A more critical analysis of the Stern Review is certainly warranted – it praises the success and importance of the REF; it recommends that it be tightly aligned with the Teaching Excellence Framework, which has also come under increasing critical scrutiny; and concludes that higher education is better off with the REF than without – but the recommendations I’ve discussed here provide a solid basis for campaigning against some of the most pernicious effects of the REF.

Comments on “The Stern Review”

  1. Harry Stopes says:

    Like Brenna Bhandar, we have read the Stern Report with interest. While we agree that there are some aspects of it we can welcome, we are very concerned about the implications of one of Stern’s recommendations, which Bhandar does not address.

    As Bhandar notes, Stern criticises the way that the REF allows institutions to “game” the system by hiring staff with strong publication records shortly before a REF submission date. (“An institution might invest very significantly in the recruitment, start up and future career of a faculty member, only to see the transfer market prior to REF drastically reduce the returns to that investment,” Stern writes.) Stern’s proposed solution to this problem, which he outlines on pages 20-21 of the report, is to make research outputs “non-portable.”

    At the moment, the REF works on the basis that any research ‘output’ (a book, article, or whatever) is “portable”, in the sense that the researcher who produced it can take it with them when they move jobs and submit it as part of their REF return at their new employer. This means that if you write 4 articles in 4 years, you can submit all of them for the REF submission in your new job at the University of Oxborne in Year 5, even though you completed 3 of the articles while you were a Research Fellow at the University of Camford. This is why the “transfer market” Stern identifies can function. Non-portability would mean that our researcher can only submit the last article she wrote at Oxborne, and Camford would retain the credit for the other 3.

    Superficially this might be attractive (who would declare themselves in favour of ‘gaming’ the system?) but it masks negative impacts. For a start, there’s nothing illegitimate about wanting to move jobs. It’s normal in academia, as in life in general, to decide to move to a different part of the country, or to want to a new environment or a new challenge. People shouldn’t be punished for such moves.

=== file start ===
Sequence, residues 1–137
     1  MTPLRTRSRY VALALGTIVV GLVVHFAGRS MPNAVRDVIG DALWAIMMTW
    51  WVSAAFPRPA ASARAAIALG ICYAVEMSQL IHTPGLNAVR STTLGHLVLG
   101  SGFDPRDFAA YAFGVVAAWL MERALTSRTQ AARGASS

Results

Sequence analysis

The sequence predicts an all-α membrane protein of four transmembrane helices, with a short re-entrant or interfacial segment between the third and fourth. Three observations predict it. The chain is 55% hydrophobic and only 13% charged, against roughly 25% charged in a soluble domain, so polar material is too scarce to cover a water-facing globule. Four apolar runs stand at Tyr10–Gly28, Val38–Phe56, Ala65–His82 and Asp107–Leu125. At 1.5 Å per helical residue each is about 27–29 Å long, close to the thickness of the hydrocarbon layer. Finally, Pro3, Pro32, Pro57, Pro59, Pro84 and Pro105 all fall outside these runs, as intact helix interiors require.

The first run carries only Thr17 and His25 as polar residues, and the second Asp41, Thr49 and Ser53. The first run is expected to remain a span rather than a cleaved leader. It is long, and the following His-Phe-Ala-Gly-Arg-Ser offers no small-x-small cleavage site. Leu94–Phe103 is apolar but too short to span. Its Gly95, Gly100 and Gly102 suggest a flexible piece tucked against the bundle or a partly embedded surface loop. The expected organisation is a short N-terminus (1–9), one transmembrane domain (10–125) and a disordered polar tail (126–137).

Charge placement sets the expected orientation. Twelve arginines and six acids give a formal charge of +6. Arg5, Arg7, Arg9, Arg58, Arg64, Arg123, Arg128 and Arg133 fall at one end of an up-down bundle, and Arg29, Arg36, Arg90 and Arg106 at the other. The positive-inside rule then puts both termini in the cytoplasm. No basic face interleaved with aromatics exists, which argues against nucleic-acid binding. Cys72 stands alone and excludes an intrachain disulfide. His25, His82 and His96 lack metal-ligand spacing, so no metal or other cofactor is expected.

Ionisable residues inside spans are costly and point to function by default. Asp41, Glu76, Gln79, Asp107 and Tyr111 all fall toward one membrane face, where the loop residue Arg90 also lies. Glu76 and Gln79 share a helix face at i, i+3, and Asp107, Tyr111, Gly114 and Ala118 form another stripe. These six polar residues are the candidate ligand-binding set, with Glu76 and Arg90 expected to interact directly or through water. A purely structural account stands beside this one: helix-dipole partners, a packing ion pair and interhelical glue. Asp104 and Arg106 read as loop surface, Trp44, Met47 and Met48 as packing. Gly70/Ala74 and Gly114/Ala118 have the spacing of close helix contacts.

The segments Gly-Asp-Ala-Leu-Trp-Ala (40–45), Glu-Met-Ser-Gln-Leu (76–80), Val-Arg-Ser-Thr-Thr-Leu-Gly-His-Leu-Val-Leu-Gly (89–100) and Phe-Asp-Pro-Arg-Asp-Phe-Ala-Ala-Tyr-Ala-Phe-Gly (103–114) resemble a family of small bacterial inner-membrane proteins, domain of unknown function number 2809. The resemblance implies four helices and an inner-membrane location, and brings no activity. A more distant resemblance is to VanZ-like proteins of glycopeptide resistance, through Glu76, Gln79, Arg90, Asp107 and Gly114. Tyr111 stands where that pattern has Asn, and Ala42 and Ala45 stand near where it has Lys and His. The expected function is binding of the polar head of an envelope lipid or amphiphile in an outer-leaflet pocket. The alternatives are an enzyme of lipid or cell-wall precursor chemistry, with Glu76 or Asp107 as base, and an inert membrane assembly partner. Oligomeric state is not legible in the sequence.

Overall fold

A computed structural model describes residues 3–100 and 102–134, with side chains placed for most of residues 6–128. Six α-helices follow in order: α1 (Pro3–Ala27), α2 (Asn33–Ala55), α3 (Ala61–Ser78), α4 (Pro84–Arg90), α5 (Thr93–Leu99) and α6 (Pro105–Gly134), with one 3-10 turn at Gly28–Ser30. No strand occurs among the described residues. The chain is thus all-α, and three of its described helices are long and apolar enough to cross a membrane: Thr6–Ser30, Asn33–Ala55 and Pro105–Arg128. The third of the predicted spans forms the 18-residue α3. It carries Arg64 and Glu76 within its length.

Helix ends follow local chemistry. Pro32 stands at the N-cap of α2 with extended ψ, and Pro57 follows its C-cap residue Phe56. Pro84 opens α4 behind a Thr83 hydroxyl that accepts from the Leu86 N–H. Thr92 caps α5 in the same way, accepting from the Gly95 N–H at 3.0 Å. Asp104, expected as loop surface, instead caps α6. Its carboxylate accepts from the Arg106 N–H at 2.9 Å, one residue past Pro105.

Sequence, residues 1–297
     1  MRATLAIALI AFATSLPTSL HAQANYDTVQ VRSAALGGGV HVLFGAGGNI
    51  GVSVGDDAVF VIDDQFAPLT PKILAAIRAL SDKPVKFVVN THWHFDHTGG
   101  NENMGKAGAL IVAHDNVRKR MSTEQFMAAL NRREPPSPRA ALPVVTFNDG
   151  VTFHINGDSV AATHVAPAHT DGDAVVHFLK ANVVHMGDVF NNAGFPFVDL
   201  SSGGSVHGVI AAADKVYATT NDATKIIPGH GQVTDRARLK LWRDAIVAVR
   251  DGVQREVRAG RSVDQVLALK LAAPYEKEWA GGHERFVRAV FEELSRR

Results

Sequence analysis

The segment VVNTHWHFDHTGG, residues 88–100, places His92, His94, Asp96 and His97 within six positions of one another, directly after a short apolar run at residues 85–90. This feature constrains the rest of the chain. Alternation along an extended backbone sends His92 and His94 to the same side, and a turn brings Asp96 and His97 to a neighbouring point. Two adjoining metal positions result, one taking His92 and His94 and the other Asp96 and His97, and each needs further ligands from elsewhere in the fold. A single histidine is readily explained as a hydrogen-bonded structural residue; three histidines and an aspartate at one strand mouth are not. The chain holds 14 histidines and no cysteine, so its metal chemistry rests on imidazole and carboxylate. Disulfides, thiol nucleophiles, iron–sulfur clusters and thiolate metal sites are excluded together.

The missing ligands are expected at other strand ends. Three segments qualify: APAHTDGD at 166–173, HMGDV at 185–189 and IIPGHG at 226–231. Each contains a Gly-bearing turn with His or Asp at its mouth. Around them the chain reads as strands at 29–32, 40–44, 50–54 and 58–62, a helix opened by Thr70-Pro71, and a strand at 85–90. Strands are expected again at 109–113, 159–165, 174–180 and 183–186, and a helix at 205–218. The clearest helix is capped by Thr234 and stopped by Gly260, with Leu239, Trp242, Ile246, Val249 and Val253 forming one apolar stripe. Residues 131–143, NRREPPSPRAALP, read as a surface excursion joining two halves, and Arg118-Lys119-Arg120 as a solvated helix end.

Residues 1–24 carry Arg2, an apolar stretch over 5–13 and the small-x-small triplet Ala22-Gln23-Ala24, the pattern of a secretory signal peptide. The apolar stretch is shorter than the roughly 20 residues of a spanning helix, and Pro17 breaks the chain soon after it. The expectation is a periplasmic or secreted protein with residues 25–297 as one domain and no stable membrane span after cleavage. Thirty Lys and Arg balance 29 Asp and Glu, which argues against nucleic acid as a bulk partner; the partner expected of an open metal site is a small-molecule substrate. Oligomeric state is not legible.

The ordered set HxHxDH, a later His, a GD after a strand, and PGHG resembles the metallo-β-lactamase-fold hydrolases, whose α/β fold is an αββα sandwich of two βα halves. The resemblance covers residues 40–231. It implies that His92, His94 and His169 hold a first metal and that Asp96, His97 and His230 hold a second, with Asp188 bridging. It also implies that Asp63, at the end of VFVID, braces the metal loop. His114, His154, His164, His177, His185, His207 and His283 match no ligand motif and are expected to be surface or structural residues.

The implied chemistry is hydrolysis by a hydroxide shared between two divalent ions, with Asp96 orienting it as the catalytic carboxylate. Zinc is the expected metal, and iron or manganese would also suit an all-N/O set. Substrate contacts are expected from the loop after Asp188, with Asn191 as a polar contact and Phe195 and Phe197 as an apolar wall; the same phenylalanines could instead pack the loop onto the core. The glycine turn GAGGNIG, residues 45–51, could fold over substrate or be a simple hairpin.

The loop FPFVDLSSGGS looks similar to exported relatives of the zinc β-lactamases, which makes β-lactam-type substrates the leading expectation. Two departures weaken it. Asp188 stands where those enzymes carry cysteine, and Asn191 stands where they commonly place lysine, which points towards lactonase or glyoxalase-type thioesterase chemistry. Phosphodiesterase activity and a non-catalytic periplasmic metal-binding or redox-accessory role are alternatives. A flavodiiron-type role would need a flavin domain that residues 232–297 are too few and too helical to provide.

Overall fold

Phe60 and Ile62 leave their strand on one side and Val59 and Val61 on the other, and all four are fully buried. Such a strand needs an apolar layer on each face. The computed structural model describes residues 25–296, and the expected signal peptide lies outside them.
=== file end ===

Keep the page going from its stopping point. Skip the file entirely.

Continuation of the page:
Non-portability will have severe consequences for academics in the early years of a career, as we all are. Short term contracts are a norm at this stage of a career (which is in itself a scandal), so moving institution regularly is not just a choice but an obligation. Often as an early career researcher we are employed on teaching-only contracts: our research outputs are written unpaid, or between the gaps in “portfolio working” (a tidy euphemism for precarity). As researchers in the Humanities, our publications are mostly single-authored, self-funded, and subject to a longer lag between research and publication (as our sector favours monographs and our journals have fewer issues and longer articles). This distinguishes our experience from colleagues in STEM subjects, and makes the impact of these reforms all the more acute.

    Between the 4 of us we currently have 15 outputs eligible to go forward to the next REF. With non-portability that number would become zero, with strong pressure to produce more before 2021 to the exclusion of outreach work, professional development and pedagogical research. By a strange process of alchemy, our existing research will have disappeared and we will be given narrower paths along which to develop. Our previous employers, however, will happily be able to submit the work they did not pay us to produce while working there on teaching-only contracts. This is not a just exchange.

    Stern’s implication is that universities will now hire young academics not on their existing publications but on their ‘potential’, as evidenced in glowing references and job interviews. However, this risks further entrenching the advantages of certain kinds of academics: polished, white, upper middle class men. As Bhandar notes, the REF discriminates against minorities, but there’s plenty of reason to believe that throwing things open to the gut feelings of hiring panels would do the same thing.

    It seems clear that early career researchers were neither considered nor consulted in the creation of the review, since many of us – when we read the finished report – immediately pointed out this striking issue. We are now being asked to trust in the smooth implementation of these transformative recommendations, which seems both naively panglossian and oblivious to the lived experience of the last REF. These reforms will be channelled through the same administrative staff and institutional frameworks that created the “gaming” in the first place. Hiring panels would seem motivated to hedge bets and encourage potential applicants to shelve submissions, or perhaps find some other fudge that parlays the high language of reform into the easy vernacular of the status quo. What value then for publications and potential against the tempting gloss of confidence, contacts, and a chummy relationship with editors?